Establish and use a feedback cycle
While preparing for BMEN-420: Medical Imaging, I reached out to several students I knew who had previously taken the course. As I asked for their memories and impressions of the course, I found that their reflections contained a common theme, that one topic in particular was especially confusing and they hadn’t retained much of that information. Based on this feedback, an additional week was built into the schedule to cover spatial Fourier transforms and image quality; a decision that yielded encouraging grades on the following quiz that typically students have difficulty with. I believe that getting varied feedback is a crucial part of pedagogical improvement as it allows us to gain perspective. Using that feedback is part of how I continue to be a lifelong learner myself.
Extend learning beyond the classroom
Engineering is fundamentally about problem solving; problems that exist as real challenges in the real world. Whether we use these challenges as in-class case studies or as the foundation for hands-on learning, I believe that all engineering courses should seek to extend learning beyond the lecture hall. Being both a student and instructor of design-centric courses, I know firsthand how valuable hands-on experiences are for preparing students to succeed in their future roles, as they not only make learning more memorable but also give opportunities for the development of communication and other soft skills. By using their newly acquired knowledge to solve real-world problems, students inherently become aware of the potential impact of the content and reinforce their learning with memorable experiences they can draw upon as they move forward into their engineering careers.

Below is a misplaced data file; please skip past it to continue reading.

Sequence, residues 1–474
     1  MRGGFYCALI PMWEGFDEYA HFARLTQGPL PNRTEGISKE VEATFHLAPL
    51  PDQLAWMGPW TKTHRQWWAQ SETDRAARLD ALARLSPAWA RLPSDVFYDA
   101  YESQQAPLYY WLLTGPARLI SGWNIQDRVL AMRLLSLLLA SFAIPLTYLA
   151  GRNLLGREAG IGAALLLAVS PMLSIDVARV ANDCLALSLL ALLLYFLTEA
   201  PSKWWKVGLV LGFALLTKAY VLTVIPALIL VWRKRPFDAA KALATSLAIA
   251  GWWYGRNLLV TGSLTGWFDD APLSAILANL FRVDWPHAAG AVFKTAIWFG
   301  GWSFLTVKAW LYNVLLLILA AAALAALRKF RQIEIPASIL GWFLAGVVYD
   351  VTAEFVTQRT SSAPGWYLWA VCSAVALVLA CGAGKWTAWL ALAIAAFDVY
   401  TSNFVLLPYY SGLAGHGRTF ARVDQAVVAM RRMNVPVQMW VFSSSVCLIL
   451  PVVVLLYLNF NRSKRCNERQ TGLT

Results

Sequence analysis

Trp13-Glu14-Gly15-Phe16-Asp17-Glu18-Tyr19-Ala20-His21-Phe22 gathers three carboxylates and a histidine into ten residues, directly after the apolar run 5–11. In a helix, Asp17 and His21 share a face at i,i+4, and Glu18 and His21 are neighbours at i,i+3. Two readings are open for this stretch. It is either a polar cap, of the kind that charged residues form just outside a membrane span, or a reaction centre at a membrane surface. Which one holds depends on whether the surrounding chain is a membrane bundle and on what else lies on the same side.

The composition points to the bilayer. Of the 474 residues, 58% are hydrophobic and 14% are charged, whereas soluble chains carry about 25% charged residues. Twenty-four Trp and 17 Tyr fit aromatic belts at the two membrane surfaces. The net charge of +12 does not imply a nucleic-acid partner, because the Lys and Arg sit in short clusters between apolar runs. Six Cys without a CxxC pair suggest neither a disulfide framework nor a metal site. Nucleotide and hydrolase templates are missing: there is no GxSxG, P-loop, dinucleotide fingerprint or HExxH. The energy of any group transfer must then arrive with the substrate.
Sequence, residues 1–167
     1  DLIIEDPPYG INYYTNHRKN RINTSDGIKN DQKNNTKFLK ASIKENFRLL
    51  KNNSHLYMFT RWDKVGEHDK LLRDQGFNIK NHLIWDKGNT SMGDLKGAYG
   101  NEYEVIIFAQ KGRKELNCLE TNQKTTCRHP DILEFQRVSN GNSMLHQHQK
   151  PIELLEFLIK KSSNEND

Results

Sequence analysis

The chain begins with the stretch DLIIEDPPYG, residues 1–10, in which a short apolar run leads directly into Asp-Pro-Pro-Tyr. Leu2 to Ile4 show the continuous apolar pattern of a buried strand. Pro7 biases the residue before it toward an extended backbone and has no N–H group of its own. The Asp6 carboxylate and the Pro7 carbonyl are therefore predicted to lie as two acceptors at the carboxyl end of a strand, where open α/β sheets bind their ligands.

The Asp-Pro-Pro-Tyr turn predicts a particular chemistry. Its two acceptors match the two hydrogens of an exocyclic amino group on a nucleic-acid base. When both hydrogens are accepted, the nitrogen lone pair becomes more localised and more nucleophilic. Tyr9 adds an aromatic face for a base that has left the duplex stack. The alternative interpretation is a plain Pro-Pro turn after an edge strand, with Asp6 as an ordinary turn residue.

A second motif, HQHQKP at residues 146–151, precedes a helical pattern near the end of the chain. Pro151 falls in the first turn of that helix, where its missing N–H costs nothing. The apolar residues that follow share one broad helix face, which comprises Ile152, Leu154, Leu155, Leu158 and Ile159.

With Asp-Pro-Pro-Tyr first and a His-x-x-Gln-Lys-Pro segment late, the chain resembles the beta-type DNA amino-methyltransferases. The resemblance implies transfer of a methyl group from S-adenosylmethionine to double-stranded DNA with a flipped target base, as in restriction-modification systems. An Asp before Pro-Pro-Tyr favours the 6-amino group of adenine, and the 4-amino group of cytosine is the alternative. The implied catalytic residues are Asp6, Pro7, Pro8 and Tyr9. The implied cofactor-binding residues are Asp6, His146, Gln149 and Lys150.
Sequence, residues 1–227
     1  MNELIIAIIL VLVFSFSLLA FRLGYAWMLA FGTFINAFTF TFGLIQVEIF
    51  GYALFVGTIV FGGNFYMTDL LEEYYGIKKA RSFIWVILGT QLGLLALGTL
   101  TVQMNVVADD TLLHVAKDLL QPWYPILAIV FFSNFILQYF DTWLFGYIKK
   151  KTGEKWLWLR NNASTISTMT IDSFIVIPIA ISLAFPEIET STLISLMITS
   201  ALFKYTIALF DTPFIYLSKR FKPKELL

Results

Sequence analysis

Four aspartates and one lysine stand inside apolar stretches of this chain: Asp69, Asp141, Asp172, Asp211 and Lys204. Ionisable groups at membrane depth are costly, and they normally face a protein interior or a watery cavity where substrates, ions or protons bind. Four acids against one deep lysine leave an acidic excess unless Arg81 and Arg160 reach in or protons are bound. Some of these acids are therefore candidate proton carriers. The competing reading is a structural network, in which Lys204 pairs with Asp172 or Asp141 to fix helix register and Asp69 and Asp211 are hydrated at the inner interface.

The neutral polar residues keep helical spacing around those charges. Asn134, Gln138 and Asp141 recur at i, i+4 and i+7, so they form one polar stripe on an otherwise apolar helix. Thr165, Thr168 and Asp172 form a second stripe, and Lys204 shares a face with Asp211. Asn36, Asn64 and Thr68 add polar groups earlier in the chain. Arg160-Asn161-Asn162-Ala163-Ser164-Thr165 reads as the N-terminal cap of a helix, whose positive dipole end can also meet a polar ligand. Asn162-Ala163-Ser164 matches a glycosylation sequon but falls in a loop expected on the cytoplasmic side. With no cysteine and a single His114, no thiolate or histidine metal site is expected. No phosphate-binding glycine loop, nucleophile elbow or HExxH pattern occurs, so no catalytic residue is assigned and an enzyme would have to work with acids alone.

Conclusion The time that I’ve spent both as a teaching assistant and instructor of record has been profoundly fulfilling and affirms my desire to continue as an instructor in my career. I know from experience that teaching can be both very challenging and immensely rewarding, and I look forward to continuing my ongoing development as a lifelong learner while teaching in the future.
- Smith, K. A., Sheppard, S. D., Johnson, D. W., & Johnson, R. T. (2005). Pedagogies of engagement: Classroom‐based practices. Journal of engineering education, 94(1), 87-101.